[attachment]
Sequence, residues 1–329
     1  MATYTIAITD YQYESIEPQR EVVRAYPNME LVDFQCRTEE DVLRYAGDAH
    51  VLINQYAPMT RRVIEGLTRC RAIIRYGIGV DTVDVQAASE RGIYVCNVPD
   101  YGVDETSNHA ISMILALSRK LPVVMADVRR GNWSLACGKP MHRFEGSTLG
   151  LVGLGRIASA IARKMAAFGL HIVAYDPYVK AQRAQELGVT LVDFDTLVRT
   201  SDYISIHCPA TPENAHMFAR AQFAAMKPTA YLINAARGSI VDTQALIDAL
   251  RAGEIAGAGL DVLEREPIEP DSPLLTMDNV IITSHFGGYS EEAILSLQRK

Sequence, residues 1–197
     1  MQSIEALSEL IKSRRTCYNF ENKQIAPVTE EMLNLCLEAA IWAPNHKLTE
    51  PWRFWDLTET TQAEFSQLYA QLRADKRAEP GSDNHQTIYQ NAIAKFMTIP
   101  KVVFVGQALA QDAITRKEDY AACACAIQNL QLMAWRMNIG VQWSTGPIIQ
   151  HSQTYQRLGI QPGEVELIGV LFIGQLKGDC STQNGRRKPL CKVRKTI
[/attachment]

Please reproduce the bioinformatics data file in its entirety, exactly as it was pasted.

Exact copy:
Sequence, residues 1–329
     1  MATYTIAITD YQYESIEPQR EVVRAYPNME LVDFQCRTEE DVLRYAGDAH
    51  VLINQYAPMT RRVIEGLTRC RAIIRYGIGV DTVDVQAASE RGIYVCNVPD
   101  YGVDETSNHA ISMILALSRK LPVVMADVRR GNWSLACGKP MHRFEGSTLG
   151  LVGLGRIASA IARKMAAFGL HIVAYDPYVK AQRAQELGVT LVDFDTLVRT
   201  SDYISIHCPA TPENAHMFAR AQFAAMKPTA YLINAARGSI VDTQALIDAL
   251  RAGEIAGAGL DVLEREPIEP DSPLLTMDNV IITSHFGGYS EEAILSLQRK

Sequence, residues 1–197
     1  MQSIEALSEL IKSRRTCYNF ENKQIAPVTE EMLNLCLEAA IWAPNHKLTE
    51  PWRFWDLTET TQAEFSQLYA QLRADKRAEP GSDNHQTIYQ NAIAKFMTIP
   101  KVVFVGQALA QDAITRKEDY AACACAIQNL QLMAWRMNIG VQWSTGPIIQ
   151  HSQTYQRLGI QPGEVELIGV LFIGQLKGDC STQNGRRKPL CKVRKTI